Round table report: strategies for growth amid uncertainty

In a dynamic and ever-changing economic landscape, the West Midlands Business of the Year Awards 2024, brought together regional business leaders at Freeth’s Birmingham office to discuss the secrets behind their exceptional growth and stability.

Winners and shortlisted companies joined to discuss the strategies that are driving their success.

Central to discussions were sustainability, talent attraction and retention, and the importance of collaboration.

As the region and the UK brace for upcoming general elections and potential shifts in administration, these businesses are navigating uncertainty with innovation.

This period has felt different for Dale Parmenter, CEO of DRPG who said he is “old enough to have lived through several recessions and downturns and it was easier in those times. You could get an angle on what’s going on.

“Confidence is the biggest thing for us and we were not confident through COVID. But 2023 was a record year with record profits and we pulled back that productivity. Coming into this year – it’s mirroring last year, but the uncertainty is still there.

“We’ve been cautious. We’ve done two acquisitions that have taken 12 months. We know we’ve got to push out and we’ve got to invest, but we’ve been very cautious and very nervous. Customers love last-minute requests, so we can be pushing out tenders and quotes and then nothing. It can be weeks and months, and then all of a sudden they say I’d like it next week”.

The market has caused a rise in companies collapsing into administration, and whilst funding is available and there’s a desire to collaborate – the importance of due diligence in this inflationary market has become even more important.

Matt Beckley, head of development at Keon Homes, has witnessed several SME housebuilders going under across the region in the last few months.

He said: “We work with registered providers, and housing associations on various sites and by the nature of business, a lot of those sites have brownfield regeneration sites

“The market that we work in is shrinking – they’re nervous, their programmes are filling up as they’re getting to the end of the Homes England grant cycle and there’s a lot of our competitors becoming insolvent.

“We’re working on growing our partnerships as providers need someone who is financially stable and we believe we are”.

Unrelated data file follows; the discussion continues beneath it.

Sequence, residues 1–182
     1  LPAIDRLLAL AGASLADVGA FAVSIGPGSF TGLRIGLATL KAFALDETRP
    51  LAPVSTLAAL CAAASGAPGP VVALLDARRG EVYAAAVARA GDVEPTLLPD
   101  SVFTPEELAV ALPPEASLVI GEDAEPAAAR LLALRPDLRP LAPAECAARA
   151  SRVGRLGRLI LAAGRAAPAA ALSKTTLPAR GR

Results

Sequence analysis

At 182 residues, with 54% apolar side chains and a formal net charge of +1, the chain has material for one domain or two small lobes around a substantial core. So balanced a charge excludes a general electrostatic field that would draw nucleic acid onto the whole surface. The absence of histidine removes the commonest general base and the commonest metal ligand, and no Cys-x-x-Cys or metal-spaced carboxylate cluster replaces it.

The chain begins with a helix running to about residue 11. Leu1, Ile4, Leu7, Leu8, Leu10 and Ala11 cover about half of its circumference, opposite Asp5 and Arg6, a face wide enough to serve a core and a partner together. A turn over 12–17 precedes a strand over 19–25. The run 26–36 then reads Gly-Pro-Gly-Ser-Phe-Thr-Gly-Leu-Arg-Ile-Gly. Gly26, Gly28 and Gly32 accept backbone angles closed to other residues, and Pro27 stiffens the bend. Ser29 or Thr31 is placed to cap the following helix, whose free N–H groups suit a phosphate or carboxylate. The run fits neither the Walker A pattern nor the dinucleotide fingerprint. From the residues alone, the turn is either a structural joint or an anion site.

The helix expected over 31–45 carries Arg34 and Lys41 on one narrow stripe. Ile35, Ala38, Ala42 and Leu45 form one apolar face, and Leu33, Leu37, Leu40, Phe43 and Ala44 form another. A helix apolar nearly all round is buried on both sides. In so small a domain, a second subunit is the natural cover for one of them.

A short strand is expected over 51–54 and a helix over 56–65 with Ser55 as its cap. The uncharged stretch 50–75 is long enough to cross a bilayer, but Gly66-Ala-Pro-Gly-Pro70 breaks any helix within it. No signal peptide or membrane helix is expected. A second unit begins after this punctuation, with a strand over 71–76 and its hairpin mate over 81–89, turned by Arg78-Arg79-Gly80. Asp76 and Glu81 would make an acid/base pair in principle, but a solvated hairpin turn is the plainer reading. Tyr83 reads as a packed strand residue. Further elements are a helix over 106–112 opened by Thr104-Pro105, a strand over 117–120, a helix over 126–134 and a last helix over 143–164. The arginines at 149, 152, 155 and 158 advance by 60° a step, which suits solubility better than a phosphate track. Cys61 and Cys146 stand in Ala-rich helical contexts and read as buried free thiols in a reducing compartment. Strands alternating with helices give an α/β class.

Through this period of uncertainty, shortlisted companies and winners at’s Business of the Year Awards 2024 have turned the trend by diversifying, adapting and collaborating to boost profitability.

Vail Williams, a commercial real estate agency, had a record year thanks to offering a one-stop-shop for clients.

For Carole Taylor, partner at the firm, her attention is now on the secondary and tertiary market, where there’s a lot of stock that needs to be refurbished.

She said: “There’s been a flight to quality, whether that’s an office space or whether it’s in the industrial and warehousing space. But clients are always looking to save wherever they can.

“With embedded carbon, we know our existing buildings need to be upgraded rather than just pulling them down and starting again. There are office developers and investors that are looking at ways of refurbishing and it creates a whole new market”.

Thanks to the region’s prime location to reach the rest of the UK, there is a serious shortage of industrial units of quality for SMEs in particular.

Dr Adrian Steele, managing director of Mercian Labels, whose manufacturing is based in Burntwood, says the profitability and availability of those units “is severely limited. And it stops a lot of businesses from growing because they don’t have that sort of progression from starting a unit up and moving through.

“A lot of those units are too big, so we’ve got a lot of really poor quality in commercial and industrial units”.

With three major elections in one period, Dr Steele said a challenge for the business is that legislation for chemical labelling formats has all been postponed.

“They just can’t get it through in time, so a lot of people have been very reserved on the same issue. I think confidence is building, I’m certainly seeing that in the marketplace, but are we just going into a post-recession market growth”.

Businesses are still struggling to recruit, was the overall message across the discussion, but leaders say they are less focused on the qualifications a candidate has. Instead, they look for the tenacity and desire of an individual, someone they can help nurture through the ranks.